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Blackhawks Tue Feb 11 2014

Blackhawks at the Break Go for Gold and Rest

Thumbnail image for GB blackhawks icon.png After a pretty successful west-coast trip that returned a 3-1-2 record, the Blackhawks find themselves at the Olympic break with 84 points, tied for second most in the league with divisional rival St. Louis Blues. Now, for the next two weeks, 10 of Joel Quenneville's skaters will represent their respective country in Sochi, Russia, while the rest sip on Mai Tais on much warmer land (Andrew Shaw already seems to have this down).

This is an opportune time for the likes of Bryan Bickell to rest any nagging injuries, and for the coaching staff to reassess any lines that might need tweaking. And although Corey Crawford's snub off Team Canada was a little upsetting, it's a chance for him to take this time to relax and forget about hockey for a little while before the real stretch run to the postseason begins.

As for everyone else, there will be no rest for the weary. Each player made the trip safely, including Patrick Kane, who missed out on the Phoenix Coyotes game in order to attend the funeral of his late grandfather Donald Kane. But before the puck drops for the men's tournament on Wednesday, let's take a look at which Blackhawks players are in, which countries they'll represent and the expectations throughout.

The 10 players selected look like this:

Patrick Kane

Patrick Sharp
Jonathan Toews
Duncan Keith

Johnny Oduya
Niklas Hjalmarsson
Marcus Krüger

Marian Hossa
Michal Handzuš

Michal Rozsíval


There are three groups for the men's hockey tournament, which break down as such:

United States


Czech Republic

Scoring in the tournament is a bit different than that of the NHL; meaning, a team receives three points for a regulation win, two points for an overtime win or shootout win and one point for an overtime defeat or shootout defeat. Zero points are awarded for a loss in regulation.

The rink also plays a different role in the Olympic games. Being 15 feet wider in international play, it gives a little more room for quicker skating up and down the ice and more room for setting up shots, especially in the power play. Knowing this, each team is built for speed.

After each team plays in the preliminary games, the seeding process begins, which earns a first-round bye for the top three in each group. Each team is named for seeding from 1D to 12D and placed into a bracket in a tournament format.

Sochi, Russia is ten hours ahead of the Central time zone here in the states. That said, many of the games will air live around 6am locally with rebroadcasts later in the day. The NBC family of networks will air all the games from MSNBC to NBC SportsNet. A handy guide is available on their site, which also you to enter your zip for exact times.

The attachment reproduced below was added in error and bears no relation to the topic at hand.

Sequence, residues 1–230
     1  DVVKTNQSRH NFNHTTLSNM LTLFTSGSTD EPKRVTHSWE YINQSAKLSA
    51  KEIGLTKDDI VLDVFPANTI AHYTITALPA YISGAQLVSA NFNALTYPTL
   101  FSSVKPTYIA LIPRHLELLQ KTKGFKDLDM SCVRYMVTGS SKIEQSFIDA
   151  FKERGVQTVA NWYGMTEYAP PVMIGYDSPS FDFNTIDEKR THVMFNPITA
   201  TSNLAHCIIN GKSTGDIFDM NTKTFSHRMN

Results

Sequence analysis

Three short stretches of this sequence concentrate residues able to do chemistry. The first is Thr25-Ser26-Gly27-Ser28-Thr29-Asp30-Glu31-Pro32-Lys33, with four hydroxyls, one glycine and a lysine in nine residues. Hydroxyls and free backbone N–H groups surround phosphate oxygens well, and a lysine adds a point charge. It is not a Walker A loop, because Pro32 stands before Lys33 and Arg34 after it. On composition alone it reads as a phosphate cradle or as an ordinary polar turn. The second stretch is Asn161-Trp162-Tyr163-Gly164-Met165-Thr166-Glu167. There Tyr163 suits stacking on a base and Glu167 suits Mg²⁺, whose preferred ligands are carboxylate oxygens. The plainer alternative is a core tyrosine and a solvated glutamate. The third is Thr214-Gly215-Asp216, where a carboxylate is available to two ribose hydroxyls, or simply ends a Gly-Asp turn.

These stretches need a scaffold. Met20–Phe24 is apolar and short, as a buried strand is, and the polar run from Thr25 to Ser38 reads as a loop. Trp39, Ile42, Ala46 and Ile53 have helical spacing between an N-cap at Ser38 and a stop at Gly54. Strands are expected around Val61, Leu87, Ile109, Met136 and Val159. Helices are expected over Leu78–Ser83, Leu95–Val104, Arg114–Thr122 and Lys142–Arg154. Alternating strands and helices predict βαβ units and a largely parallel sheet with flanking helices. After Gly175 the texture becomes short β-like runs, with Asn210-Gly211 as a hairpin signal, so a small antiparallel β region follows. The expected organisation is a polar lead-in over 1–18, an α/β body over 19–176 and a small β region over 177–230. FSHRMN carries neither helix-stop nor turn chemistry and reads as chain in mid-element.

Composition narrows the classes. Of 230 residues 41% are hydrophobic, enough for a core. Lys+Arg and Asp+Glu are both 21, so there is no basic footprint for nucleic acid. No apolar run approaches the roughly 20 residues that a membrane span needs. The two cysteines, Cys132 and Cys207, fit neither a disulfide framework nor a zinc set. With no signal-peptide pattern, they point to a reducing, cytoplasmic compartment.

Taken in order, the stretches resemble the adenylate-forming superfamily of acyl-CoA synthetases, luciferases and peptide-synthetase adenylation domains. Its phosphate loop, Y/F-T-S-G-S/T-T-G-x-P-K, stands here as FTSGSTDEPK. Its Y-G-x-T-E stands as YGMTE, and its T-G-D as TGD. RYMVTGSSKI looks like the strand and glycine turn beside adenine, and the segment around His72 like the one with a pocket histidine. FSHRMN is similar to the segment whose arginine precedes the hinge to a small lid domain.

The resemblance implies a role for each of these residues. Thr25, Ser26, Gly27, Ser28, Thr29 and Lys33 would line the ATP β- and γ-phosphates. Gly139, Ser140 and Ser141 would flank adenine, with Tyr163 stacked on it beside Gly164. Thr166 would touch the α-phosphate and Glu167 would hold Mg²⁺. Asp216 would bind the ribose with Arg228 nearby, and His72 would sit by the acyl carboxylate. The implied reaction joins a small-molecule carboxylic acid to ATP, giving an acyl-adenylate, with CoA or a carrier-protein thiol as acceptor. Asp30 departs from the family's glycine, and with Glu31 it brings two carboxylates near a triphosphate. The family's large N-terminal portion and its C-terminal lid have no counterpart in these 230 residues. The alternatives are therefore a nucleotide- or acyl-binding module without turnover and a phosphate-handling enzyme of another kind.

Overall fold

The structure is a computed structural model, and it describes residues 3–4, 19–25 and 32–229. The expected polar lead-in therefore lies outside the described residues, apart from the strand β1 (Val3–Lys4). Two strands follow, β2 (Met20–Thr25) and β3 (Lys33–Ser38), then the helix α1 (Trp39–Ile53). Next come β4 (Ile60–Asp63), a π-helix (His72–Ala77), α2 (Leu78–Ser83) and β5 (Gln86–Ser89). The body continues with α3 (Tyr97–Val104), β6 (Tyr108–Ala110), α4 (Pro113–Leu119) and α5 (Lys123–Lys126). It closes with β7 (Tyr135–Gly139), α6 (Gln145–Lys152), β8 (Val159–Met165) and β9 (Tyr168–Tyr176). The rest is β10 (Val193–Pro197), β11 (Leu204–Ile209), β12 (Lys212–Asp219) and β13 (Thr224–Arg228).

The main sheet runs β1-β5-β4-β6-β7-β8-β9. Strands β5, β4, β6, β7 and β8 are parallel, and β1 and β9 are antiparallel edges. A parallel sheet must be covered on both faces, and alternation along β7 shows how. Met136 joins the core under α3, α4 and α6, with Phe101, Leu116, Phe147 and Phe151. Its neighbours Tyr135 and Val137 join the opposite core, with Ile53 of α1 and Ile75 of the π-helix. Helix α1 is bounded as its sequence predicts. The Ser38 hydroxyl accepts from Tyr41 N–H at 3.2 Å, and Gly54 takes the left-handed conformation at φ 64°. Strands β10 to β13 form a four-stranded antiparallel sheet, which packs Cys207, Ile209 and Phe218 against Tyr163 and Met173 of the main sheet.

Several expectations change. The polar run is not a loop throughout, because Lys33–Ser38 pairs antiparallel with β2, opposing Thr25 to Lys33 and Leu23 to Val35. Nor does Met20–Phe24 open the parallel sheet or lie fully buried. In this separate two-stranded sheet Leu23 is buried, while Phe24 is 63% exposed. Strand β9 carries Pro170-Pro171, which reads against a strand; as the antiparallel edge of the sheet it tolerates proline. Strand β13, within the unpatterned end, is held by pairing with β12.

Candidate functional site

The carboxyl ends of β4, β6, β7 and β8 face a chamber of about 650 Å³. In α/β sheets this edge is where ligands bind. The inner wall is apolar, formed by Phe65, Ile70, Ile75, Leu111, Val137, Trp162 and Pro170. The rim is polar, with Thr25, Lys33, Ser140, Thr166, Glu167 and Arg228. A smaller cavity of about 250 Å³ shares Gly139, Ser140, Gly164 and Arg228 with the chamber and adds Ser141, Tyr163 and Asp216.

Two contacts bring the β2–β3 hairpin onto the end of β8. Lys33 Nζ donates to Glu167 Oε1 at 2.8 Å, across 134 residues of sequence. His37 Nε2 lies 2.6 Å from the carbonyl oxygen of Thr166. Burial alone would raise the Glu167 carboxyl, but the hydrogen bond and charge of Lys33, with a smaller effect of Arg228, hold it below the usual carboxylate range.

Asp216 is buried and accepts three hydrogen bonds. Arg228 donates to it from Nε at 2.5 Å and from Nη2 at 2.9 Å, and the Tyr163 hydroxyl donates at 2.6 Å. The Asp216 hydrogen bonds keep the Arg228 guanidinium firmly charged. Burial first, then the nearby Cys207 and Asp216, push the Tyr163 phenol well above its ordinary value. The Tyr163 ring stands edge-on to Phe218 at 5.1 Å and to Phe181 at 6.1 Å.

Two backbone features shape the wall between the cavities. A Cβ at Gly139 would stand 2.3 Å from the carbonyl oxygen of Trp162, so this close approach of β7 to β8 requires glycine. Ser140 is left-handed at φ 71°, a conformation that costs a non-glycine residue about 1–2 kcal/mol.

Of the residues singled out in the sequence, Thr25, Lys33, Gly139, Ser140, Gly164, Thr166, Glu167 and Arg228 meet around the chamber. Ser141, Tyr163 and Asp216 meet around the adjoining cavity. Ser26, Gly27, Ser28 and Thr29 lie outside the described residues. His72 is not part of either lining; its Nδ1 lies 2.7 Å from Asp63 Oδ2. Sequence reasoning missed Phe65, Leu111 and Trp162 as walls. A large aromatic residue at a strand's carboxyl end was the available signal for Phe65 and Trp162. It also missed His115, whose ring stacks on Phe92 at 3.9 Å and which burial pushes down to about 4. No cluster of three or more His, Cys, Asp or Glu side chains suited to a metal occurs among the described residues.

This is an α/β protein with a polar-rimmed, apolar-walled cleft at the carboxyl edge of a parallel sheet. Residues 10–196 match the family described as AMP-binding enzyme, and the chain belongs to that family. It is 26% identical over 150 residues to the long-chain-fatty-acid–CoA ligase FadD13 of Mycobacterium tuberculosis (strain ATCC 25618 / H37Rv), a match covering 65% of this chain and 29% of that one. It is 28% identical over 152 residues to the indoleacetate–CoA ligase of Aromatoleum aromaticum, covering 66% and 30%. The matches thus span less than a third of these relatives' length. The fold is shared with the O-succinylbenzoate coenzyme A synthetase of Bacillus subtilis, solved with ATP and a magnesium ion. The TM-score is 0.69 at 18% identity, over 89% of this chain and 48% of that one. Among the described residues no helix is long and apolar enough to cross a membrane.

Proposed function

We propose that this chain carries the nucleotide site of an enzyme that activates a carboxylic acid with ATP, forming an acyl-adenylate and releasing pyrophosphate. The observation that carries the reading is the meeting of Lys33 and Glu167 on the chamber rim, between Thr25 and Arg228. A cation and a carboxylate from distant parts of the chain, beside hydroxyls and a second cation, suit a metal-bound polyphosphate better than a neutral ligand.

With that said, the first two games come Wednesday, February 12, at 11am, between the Czech Republic and Sweden (GROUP C). At the same time, Latvia takes on Switzerland in GROUP C action. Sweden is expected to take Bronze in this year's Olympics (9/2, according to Bovada) with home host Russia taking Silver (12/5) and Canada taking the Gold (2/1). (The U.S. is listed at 6/1 to win Gold.)

It's no secret the defensive capabilities of Oduya and Hjalmarsson, not to mention Krüger's recent run on the fourth line -- all three joining captain Henrik Zetterberg and a pile of other Detroit Red Wings (Niklas Kronwall, Daniel Alfredsson, Jonas Gustavsson) along with New York Rangers goalie Henrik Lundqvist for Team Sweden, make for a pretty dangerous and entertaining-to-watch team. The practice lines looked like this, according to Helene St. James of the Detroit Red Wings (@HeleneStJames):

Landeskog-Zetterberg-Steen; Sedin-Backstrom-L.Eriksson; Nyquist-Berglund-Alfredsson; Hagelin-Kruger-J.Ericsson

Team Canada looks like a Murderer's Row on paper with Toews and Sharp playing on the same line, probably second, while Team USA likely will pair Zach Parise-Ryan Kessler-Kane on the second line.

There's always going to be fear for Blackhawks fans everywhere of any injury or fatigue that might occur later in the NHL season from international play. No matter your stance, this tournament will be a lot of fun to watch. Can the Canadians repeat? Will the U.S. break through on foreign soil for the Gold? Will host Russia make good off of the disappointing Vancouver appearance? Time to set your alarm, sit back, relax and watch -- maybe with a Mai Tai or two.

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